Hitting the ball to good length is so important but often underestimated. With the ball hit to good length you are making it extremely difficult for your opponent to dictate the rally. If you continue to hit to good length and mix in shorter angles your opponent will eventually set you up with a short ball to kill, or even better, make a mistake. The short angles that pull your opponent out of court are far more effective if they are contrasted with good length.
What can I do to improve this?
There are many technical aspects that can play a part in you hitting to good length (which will be covered in other tips) but there is a simple exercise which can help.
When you walk on to the court and start hitting balls in a practice session, don’t just hit the ball to any length, try to hit the ball so it lands on the baseline. Use the baseline as a target. If it helps, imagine that the baseline has drink cans lined up along it and try and knock those things over. If you hit a bit long, don’t worry. A ball that lands 12 inches past the base line is much closer to being excellent length than a ball that lands on the service line. The Swedish junior National team used to employ this mentality during practice and as a result they all hit fabulous length ground strokes.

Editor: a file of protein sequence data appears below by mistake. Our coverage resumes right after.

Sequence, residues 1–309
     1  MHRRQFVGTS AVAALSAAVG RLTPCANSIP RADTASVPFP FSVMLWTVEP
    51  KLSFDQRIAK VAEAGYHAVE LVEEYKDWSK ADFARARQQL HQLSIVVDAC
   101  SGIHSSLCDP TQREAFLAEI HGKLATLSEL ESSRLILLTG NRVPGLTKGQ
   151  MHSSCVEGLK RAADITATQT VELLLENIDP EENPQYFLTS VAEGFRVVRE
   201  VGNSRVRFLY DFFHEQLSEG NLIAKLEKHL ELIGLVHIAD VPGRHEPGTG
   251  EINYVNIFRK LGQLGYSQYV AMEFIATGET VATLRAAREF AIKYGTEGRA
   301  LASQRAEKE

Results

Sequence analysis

Should I try to hit really deep in matches?
The more this is practised the easier it will become in matches. If you set very high standards in practice you can afford to lower the bar slightly in matches and still be effective. If the ball is struck hard with heavy topspin the length is not quite so important as a ball that is not. The reason for this is that the ball will bounce with a terrific kick which in itself puts pressure on the opponent. So there’s the first big advantage of hitting with topspin!
Another situation where really deep hitting could be tricky is when you are getting your eye in at the start of a match. It can be easier to get your rhythm first and then progress your length.
Set high standards with hitting to length in practice = ability to lower the bar in a match = less risky but effective length